Circle Analytics (CA) performs economic impact analysis for a wide-variety of clients using proprietary software and IMPLAN-based datasets. CA is different from other analysts because it has invested considerable time understanding how to best reflect economic benefits as well as the social impacts.
IMPLAN datasets are available in every US market and can dramatically reduce the costs of custom studies. IMPLAN datasets represent years of accumulated information and are both market-specific and also industry sector-specific. Each community has its own very unique business matrix and much like fingerprints each has its own unique dataset. A million dollars of expenditures in one market will often produce dramatically different impacts than the same million dollars invested in another market and in the same sector. CA uses this information to prepare its studies.
A CA analysis will measure a project’s direct and indirect benefits and there are many different types of ‘project’. A project may be an individual business or just one of its locations. It could be an entire non-profit organization or only a special project. It might also be a city or counties public facilities construction project. A project may actually measure multiple projects to compare the benefits of one against another. An assessment might forecast the benefits of a future construction project or it might study a long-established enterprise that continues to benefit the local community. A study might value the exchange of dollars in a local economy but it may also show the benefits of hundreds or thousands of volunteer hours; or value placed on the thousands of visitors that attended an event.
An analysis will seek to understand ‘what are the total economic impacts that are measured in terms of both dollars and jobs’. Some projects are simple while others are comprehensive mixed-used studies that may include the value of annual sales, multiple construction elements, retail spaces, professional spaces, real estate transactions and leases. A project’s inputs may range from a few hundred thousand dollars to many billions of dollars. A typical CA analysis will show:
- 1) What is this project’s total economic footprint including the project itself and also the indirect dollars that multiply when money flows throughout the economy?
- 2) How much of the project’s benefits as measured in dollars and jobs, will stay in the local market?
- 3) How much of the project benefits are employment-related?
- 4) How many jobs are impacted by the project, including both direct and indirect jobs?
- 5) What are the project’s non-labor benefits including rents, profits etc?
- 6) What are the projects total tax benefits including local, state and federal?
Below are real examples taken from the hundreds of projects the CA staff has analyzed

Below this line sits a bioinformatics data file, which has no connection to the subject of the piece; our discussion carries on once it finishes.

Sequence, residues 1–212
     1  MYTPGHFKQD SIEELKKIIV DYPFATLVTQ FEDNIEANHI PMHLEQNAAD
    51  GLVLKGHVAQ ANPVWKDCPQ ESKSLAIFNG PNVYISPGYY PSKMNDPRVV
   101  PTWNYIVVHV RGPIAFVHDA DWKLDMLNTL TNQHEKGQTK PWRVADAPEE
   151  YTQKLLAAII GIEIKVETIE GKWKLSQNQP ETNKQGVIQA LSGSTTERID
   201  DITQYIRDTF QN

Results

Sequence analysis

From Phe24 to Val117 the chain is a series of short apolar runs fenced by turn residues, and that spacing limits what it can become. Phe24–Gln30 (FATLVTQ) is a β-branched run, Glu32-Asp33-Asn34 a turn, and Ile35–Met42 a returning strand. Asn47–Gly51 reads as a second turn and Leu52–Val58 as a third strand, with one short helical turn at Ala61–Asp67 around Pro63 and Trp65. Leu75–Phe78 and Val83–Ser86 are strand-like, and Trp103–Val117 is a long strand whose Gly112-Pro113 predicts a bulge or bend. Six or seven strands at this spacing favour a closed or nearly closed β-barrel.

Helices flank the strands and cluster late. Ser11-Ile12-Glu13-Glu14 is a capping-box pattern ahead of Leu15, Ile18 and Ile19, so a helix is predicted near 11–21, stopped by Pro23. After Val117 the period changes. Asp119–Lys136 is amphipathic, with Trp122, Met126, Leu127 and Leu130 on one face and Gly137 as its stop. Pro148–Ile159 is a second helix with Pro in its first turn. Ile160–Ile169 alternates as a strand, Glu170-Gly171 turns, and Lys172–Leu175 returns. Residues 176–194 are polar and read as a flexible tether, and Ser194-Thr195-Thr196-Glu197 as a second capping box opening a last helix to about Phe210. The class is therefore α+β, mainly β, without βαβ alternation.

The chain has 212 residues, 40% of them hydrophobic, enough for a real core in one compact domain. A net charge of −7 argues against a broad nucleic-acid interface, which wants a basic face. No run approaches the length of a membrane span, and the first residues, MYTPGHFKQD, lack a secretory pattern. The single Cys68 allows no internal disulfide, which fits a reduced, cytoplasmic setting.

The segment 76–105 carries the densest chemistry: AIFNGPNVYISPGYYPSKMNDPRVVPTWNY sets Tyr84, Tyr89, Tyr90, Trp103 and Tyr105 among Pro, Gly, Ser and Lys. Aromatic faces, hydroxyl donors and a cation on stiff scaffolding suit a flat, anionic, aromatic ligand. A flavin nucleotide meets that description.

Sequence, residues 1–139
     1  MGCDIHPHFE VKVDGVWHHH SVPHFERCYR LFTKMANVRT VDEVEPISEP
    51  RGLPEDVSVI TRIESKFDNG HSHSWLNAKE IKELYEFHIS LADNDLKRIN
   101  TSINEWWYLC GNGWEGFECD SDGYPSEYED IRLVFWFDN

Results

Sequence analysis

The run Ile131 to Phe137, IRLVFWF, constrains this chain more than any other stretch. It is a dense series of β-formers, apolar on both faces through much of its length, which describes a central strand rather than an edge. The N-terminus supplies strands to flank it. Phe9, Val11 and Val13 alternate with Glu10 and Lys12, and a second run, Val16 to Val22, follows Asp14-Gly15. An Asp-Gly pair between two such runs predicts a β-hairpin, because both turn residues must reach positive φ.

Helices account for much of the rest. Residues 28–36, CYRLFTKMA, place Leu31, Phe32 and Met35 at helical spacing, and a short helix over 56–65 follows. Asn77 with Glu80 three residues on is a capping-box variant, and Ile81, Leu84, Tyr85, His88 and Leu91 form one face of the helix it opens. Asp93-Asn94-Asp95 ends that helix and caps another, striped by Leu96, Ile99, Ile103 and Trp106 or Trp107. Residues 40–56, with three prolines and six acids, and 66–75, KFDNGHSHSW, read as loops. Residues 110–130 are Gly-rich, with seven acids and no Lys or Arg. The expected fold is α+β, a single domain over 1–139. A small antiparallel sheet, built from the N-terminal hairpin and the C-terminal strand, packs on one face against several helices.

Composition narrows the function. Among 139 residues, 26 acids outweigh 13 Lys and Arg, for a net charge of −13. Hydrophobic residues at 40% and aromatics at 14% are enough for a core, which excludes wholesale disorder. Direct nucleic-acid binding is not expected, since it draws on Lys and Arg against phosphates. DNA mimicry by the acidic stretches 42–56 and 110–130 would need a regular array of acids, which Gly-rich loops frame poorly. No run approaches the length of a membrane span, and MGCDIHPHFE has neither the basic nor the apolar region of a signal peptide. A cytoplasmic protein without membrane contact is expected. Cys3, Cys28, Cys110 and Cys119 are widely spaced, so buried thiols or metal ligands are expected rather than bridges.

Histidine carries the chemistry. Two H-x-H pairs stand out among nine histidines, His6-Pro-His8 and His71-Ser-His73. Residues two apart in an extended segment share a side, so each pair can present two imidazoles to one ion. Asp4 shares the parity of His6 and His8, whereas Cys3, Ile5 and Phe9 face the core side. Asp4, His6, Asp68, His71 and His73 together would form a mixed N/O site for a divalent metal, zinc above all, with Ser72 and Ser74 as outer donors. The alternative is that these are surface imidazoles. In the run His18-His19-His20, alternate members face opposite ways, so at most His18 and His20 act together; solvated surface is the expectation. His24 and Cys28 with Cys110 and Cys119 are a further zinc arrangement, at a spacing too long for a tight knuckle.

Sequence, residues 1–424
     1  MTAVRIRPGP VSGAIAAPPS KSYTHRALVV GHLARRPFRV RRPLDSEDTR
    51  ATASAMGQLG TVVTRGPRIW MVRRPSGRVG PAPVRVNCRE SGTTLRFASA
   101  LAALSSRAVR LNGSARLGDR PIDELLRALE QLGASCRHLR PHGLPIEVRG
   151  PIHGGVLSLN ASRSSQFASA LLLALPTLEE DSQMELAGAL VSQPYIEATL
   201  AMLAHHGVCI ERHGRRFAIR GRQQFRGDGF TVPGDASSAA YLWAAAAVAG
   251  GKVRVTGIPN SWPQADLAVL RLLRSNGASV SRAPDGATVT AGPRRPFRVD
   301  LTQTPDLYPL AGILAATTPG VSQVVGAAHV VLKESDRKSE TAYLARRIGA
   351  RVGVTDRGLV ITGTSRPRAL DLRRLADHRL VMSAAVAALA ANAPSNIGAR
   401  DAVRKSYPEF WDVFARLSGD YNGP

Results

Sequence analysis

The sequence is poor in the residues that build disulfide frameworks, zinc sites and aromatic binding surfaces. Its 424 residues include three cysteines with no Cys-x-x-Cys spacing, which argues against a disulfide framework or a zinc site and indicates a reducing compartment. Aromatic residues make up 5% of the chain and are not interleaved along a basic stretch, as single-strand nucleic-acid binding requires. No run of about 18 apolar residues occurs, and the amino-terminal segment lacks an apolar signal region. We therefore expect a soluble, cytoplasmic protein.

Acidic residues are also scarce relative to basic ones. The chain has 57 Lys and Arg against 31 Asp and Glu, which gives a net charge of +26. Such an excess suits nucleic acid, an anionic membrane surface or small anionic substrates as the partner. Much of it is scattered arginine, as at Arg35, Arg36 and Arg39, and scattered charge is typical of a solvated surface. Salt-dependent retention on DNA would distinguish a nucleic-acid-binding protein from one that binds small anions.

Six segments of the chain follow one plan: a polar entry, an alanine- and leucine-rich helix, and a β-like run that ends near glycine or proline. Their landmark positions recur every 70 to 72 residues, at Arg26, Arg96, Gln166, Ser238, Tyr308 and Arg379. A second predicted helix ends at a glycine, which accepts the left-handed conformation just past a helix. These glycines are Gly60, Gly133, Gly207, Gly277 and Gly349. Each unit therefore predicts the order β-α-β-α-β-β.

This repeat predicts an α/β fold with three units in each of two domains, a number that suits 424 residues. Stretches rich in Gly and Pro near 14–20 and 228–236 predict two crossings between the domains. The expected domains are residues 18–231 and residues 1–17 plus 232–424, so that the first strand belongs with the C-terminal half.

Examples of Private Business Studies:
- • A major global company wanted to understand the impacts of their Southern California business campus. They used the results to obtain lower taxes.
- • A major US company wanted to know the economic impacts of their proposed infrastructure expenditure.
- • A medium sized company wanted to know their economic impact so they could better articulate their benefit to local business leaders.
- • A solar energy company wanted to forecast the impacts of their investment on multiple local economies.
- • A major airport wanted to understand the impacts of its operations, hanger rentals, retail and office space.
- • A planned hotel wanted to know the impact they would have on the local economy.
Examples of Impact Studies prepared for Government, Non-Profit and Charitable Organizations:
- • A multi-state utility company wanted to know the economic impacts of their operations, and in one city to also know the value of their employee spending.
- • A city wanted to know the economic impacts of a planned public facility project.
- • A city wanted to measure the impacts of one of its business loans to a local company, and then the value of their entire loan portfolio.
- • A county wanted to know the impacts of a highway overpass including forecasting the benefits of added retail, wholesale and manufacturing enterprises.
- • An Urban Development Area wanted to understand the forecasted job, tax and economic impacts of rehabbing a building in a downtown urban core.
- • A Habitat For Humanity office wanted to understand the economic impacts of their program on the local community.
- • A major museum wanted to know its economic footprint, including the added value gained from the thousands of visitors and its many volunteer hours.
- • A rural hospital wanted to forecast the economic value of their operations and also their planned expansion.
- • A major US foundation wanted to know the individual and combined impacts of their hundreds of investments.
- • A local festival wanted to know the value of their annual festival on the local economy, including the tourist impact on local retail, gas, restaurants and hotels.
- • A nonprofit organization benefiting disabled children and adults wanted to understand the economic impacts of their many programs and volunteers.